The long and winding road to equal pay

Sheila Fahy

Back in the day when the likes of Status Quo hit the charts with “Down Down” and Slade’s “Merry Christmas Everybody” took the prized number one slot during the festive period, women’s aspirations were also in the hit parade. Their dream was that their pay would go “Up Up” to level out with those of their male colleagues. The landmark Equal Pay Act 1970 was introduced in December 1975 to do just that. Almost 40 years later, the gender pay gap persists at 15.7% (according to official ONS 2013 statistics), even though the overall trend is a narrowing gap. Why has equality not been achieved in almost two generations?

It’s a big question indeed. My guess is that legislation can go some way to socially engineer change but that the real game changer is winning the hearts and minds of the decision-makers. And that takes a lot of time given that the gender balance of many of the decision-makers and leaders of businesses is less than ideal.

Only this week, we were cogitating about the legal nuances of whether shared parental leave pay should be enhanced for fathers if maternity pay is enhanced for mothers. The law on sex discrimination on this point is grey and in a state of flux, leaving the field wide open to make real equality choices that make a difference. But why are we debating it at all? Isn’t equal pay for both men and women the dream? Perhaps the issue is still on the agenda because it’s the one area where women get a “leg-up” in terms of pay, and we are reluctant to relinquish it. Or is because deep down we think the task of child-rearing and caring is probably best placed in the hands of women? At the moment, the law is hanging on by a thread to the philosophical belief that maternity leave is intrinsically linked to the biological condition of childbirth. This means that fathers will have difficulty arguing that failing to enhance their shared parental leave amounts to sex discrimination. Surely same-sex parenting, adoption and surrogacy challenge this received wisdom over time…

And that brings me back to legislation and the role it can play in gender pay equality. On 1 October 2014, the concept of mandatory equal pay audits is being woken from hibernation, having been dormant in the Equality Act 2010 for several years. In future, a tribunal must order an audit when an employer loses an equal pay claim in relation to either contractual or discretionary pay. Although drafted as a mandatory penalty, there are get-out-of-jail cards for employers. For example, if an equal pay audit has been conducted within the last three years, or there are transparent pay systems in place already, or, perhaps, the inequality was a one-off rather than institutionalised, the tribunal might be dissuaded from ordering an audit. If not, the audit (which will be checked by the tribunal to see if it complies with strict requirements) needs to be published on the employer’s website and remain there for three years.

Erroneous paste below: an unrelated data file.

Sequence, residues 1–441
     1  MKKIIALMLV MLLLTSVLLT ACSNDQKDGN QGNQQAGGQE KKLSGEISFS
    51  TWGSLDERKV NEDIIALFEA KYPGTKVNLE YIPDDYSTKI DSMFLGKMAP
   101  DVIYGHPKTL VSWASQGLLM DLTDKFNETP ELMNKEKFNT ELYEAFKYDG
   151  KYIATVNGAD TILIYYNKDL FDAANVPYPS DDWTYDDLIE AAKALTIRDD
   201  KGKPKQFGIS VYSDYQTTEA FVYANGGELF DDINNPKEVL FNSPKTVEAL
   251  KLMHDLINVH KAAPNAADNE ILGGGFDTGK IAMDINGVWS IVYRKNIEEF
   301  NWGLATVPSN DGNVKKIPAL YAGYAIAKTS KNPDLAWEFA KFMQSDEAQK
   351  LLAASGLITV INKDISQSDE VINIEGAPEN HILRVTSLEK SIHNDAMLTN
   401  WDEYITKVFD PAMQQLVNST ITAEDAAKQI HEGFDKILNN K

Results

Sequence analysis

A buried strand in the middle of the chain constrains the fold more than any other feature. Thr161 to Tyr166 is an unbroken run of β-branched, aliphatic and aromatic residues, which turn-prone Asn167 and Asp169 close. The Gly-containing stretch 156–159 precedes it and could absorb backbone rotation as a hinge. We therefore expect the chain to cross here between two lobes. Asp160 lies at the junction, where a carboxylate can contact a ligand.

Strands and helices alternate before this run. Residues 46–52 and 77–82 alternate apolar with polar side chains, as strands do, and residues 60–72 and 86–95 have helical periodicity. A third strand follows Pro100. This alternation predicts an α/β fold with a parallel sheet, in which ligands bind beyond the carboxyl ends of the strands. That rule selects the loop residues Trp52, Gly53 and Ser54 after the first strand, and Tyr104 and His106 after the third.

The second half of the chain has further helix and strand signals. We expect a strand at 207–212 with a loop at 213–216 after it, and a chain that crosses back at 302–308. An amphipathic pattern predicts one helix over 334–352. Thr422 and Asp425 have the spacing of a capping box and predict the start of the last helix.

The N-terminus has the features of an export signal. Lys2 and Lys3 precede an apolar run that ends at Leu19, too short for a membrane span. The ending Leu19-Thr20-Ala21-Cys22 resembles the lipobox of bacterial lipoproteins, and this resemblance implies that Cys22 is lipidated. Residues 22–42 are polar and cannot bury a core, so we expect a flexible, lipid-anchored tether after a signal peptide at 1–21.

The threat of being forced to conduct an equal pay audit on the tribunal’s terms together with the nightmare scenario of having to wash dirty linen in public is encouraging employers to consider taking pre-emptive action now in order to minimise these risks. Claimants will be aware of the sword of Damocles hanging over their employer’s head, and may use this advantage to secure higher settlements.

It will be interesting to see in ten years if the equal pay audit rules contribute to the narrowing of the gender pay gap. Or will it be another case of “some things never change”? I’d be happy to bet that Slade (and Status Quo) will still be in the charts, singing with all their hearts, “Look to the future now,
it’s only just begun…”

Comments published on Employment Talk do not necessarily reflect the views of Allen & Overy.

Read comments below or add a comment
  1. Hans-Peter Löw says:

    This is not a specific UK phenomenon. The German legislator is also determined to play a strong role in gender pay equality. German Government is preparing an act according to which companies with at least 500 employees have to report about gender pay equality in their annual accounts according to specified criteria. Based on this report the individual employee shall be entitled to ask for specific information. Based on this information she may either find her own compensation ok or raise a gender equality claim against the employer.

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